Slurs such as “dhoti” which I had hardly heard since I was a kid resurfaced during these current events. For times of disagreement (hopefully, we don’t have any more turbulent times in the normally peaceful Sikkim), new terms will need to be invented. My grandfather wore a dhoti. My father switched from a dhoti to a kurta-shirt/pajama after he got a stroke ten years before his death. With most of the older generation gone, I don’t see any of the old settlers wearing dhoti anymore. The younger ones wear jeans and t-shirts. I am comfortable both in formals, t-shirts and jeans, and in kurta-pajamas. I also love wearing the Dhaka topi.
Here in the US, the trees around me remind me of Sikkim and Darjeeling, where my “sasurali” is. Along with Diwali and Holi, we celebrate Dasain/Teeka and bhai teeka, and try to grow “saipatri” to remind us of home. In many of my keynote and invited talks around the world, and at the beginning of each of my classes, I have talked about Sikkim and shared pictures of its beauty. When a person from Sikkim becomes an acclaimed author or wins a medal for India at an international competition or makes a beautiful film, I celebrate along with all of Sikkim. When I became the President of a prestigious International Association (or when my books came out), the whole of Sikkim celebrated for me. On a regular basis on social media, I revel in the daily triumphs of the people I love.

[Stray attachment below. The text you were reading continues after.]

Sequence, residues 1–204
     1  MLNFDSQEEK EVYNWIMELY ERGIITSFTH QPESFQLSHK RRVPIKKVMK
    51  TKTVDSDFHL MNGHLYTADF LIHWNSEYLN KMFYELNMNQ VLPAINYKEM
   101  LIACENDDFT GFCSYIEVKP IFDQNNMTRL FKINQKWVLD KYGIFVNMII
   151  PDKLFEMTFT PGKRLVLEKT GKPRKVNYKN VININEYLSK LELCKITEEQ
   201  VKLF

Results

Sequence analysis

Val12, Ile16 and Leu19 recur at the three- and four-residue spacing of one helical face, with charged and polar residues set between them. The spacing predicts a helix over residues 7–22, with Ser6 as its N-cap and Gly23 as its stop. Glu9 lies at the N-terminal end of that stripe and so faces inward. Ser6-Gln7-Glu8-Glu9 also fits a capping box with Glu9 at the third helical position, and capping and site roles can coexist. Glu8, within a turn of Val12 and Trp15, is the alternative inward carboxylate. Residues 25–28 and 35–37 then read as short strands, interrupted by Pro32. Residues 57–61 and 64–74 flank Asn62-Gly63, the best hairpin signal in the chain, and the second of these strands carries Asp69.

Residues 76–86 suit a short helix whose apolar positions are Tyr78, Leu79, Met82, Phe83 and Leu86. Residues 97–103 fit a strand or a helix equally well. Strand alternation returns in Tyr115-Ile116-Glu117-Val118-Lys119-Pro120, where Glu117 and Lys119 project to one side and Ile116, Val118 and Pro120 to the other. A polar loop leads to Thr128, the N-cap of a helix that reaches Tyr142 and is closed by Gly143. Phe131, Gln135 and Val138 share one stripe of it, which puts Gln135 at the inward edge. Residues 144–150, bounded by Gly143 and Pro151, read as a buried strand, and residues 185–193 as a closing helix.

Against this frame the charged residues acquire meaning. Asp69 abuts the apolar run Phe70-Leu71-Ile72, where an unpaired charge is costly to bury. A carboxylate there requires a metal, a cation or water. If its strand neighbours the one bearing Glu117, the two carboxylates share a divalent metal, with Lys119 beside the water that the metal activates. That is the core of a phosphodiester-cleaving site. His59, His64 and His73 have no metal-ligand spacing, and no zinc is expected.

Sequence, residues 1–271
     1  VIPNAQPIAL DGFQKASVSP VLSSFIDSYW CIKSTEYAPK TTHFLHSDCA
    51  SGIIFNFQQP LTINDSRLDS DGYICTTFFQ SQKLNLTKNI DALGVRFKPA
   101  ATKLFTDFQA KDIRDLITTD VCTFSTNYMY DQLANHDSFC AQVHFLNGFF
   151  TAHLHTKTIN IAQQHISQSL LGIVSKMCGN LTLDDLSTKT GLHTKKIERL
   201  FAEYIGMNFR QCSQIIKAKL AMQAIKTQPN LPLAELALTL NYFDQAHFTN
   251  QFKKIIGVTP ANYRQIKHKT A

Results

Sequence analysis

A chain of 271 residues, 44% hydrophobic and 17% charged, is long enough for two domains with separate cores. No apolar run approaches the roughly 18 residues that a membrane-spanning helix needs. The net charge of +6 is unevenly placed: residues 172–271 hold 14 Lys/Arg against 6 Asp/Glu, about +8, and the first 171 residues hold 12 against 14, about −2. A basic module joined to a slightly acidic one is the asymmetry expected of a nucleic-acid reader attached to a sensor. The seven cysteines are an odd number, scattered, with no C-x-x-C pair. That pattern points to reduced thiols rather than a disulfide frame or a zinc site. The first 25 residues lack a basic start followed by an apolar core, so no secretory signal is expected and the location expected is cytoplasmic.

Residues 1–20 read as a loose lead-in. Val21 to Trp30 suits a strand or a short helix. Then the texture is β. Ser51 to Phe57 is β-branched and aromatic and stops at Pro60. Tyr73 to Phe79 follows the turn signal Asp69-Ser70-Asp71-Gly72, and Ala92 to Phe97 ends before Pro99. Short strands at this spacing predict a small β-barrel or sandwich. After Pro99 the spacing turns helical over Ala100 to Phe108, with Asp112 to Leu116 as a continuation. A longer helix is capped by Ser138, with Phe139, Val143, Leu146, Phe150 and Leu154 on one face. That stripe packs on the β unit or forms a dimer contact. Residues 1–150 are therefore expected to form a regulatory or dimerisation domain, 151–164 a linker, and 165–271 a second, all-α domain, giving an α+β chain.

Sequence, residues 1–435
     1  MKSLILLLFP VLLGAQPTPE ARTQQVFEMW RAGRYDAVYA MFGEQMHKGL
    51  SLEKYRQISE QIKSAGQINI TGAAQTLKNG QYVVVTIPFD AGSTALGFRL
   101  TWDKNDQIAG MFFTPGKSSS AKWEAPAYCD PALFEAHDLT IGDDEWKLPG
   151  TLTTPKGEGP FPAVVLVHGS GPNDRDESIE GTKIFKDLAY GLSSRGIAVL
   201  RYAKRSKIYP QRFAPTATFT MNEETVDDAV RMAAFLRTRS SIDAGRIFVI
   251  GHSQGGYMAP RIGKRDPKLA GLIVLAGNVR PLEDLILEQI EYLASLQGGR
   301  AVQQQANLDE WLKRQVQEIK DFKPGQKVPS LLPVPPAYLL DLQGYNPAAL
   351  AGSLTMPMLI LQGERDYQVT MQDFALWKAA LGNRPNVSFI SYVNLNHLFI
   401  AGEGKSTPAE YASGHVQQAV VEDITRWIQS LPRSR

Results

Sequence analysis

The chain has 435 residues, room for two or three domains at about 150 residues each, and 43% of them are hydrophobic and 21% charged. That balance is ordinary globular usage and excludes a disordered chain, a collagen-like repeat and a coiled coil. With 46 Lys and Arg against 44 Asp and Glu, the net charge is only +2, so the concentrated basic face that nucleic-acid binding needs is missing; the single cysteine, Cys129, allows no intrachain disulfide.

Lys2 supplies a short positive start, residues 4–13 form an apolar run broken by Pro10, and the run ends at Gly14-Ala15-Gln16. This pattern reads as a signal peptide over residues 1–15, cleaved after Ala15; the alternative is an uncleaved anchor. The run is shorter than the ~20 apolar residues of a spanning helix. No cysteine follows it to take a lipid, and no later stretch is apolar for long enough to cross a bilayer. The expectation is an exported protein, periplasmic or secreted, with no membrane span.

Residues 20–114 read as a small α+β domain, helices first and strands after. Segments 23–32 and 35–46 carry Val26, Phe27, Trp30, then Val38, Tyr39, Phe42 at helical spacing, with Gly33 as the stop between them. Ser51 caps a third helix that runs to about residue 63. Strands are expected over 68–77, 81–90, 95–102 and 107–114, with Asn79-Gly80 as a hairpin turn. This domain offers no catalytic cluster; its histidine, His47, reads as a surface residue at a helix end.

When my father died 2 years ago, one of my Bhutia bhais from Gangtok, on his own accord, went to the Dubdi Monastery Yuksam, the oldest monastery in Sikkim, and lit 108 lamps for my deceased father. He said he did this because he respected me a lot. Last year, when I needed a translation done for a page about an association, my retired Tibetan teacher from school got it done right away, spending nine hours non-stop with a limited supply of power. In 1994, when I was the School Captain of TNA, little boys and girls would come and give me flowers. Sikkimese of all ethnicities have always supported me and cheer me on a daily basis. How do I ever pay back this kind of love?
In the aftermath of the recent events, all I would say is this. Let us like or dislike people as individuals and not dehumanize each other by making humans an abstraction based on the circles we put them into. At every juncture in life, we need to create a circle that unites us with the next person – even with the person we might disagree with or who might have caused us hurt. Love them or hate them – the old settlers are a part of you as much as you are a part of them. As the Vietnamese Buddhist monk Thick Nhat Hanh always said, “We inter-are” (as opposed to “we are”). Compassion is the value system given to us by His Holiness the Dalai Lama. As the Bible also says, let us forgive one another for our mistakes and trespasses, so that we are forgiven for our own mistakes when the time comes for us to leave this world.